By Lina McAndrew
Imagine you’ve had a rocky start to your day. Adults everywhere understand – out of coffee, the car won’t start, your alarm doesn’t go off. Have you ever thought that the same things that make your day start off on the wrong foot happen to children too? Not enough sleep, unanticipated changes, empty stomach. It happens. And when it happens to adults, you typically recognize what you need to do to reset. With children, it’s not as easy. Frequently, they don’t understand why they are feeling a little off and that makes it difficult to communicate.
Recently, a young boy was having one of those days. Although he was unable to articulate his troubles, a Kindergartener recognized that her friend was feeling low and turned his day around.
She kindly took him under her wing, enlisting him to “help” build words. He loved receiving attention from an older student, especially when it came with such a tender, warm, and caring attitude. And his friend loved being a teacher to a younger student. She was practicing her leadership skills. I heard the young boy squeal “I am so happy!” The girl replied with excitement, “We should bake banana bread after my work!” More squeals followed.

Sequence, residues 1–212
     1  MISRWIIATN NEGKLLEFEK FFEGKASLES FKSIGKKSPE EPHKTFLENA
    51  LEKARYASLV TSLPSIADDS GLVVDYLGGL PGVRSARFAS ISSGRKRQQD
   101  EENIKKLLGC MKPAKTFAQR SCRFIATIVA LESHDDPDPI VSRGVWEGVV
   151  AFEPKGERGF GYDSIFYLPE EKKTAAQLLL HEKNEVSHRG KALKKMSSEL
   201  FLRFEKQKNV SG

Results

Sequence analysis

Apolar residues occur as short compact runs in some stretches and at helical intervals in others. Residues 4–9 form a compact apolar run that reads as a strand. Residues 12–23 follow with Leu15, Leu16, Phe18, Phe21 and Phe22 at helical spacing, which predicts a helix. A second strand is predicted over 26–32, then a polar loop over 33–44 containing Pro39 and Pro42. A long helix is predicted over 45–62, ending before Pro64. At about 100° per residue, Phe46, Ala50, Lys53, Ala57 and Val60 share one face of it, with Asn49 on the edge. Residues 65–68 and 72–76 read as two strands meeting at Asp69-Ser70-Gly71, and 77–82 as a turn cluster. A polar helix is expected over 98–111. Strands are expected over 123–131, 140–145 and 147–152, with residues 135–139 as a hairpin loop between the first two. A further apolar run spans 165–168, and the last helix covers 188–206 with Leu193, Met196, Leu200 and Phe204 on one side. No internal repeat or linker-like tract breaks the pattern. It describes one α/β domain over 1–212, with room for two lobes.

As I watched them work together. Despite being years apart, I realized that sometimes children can do for one another what an adult cannot. We truly are only guides, a lighthouse of sorts. We shine the light for them so they can find their way, but they are each other’s captains, navigating together the seas of childhood.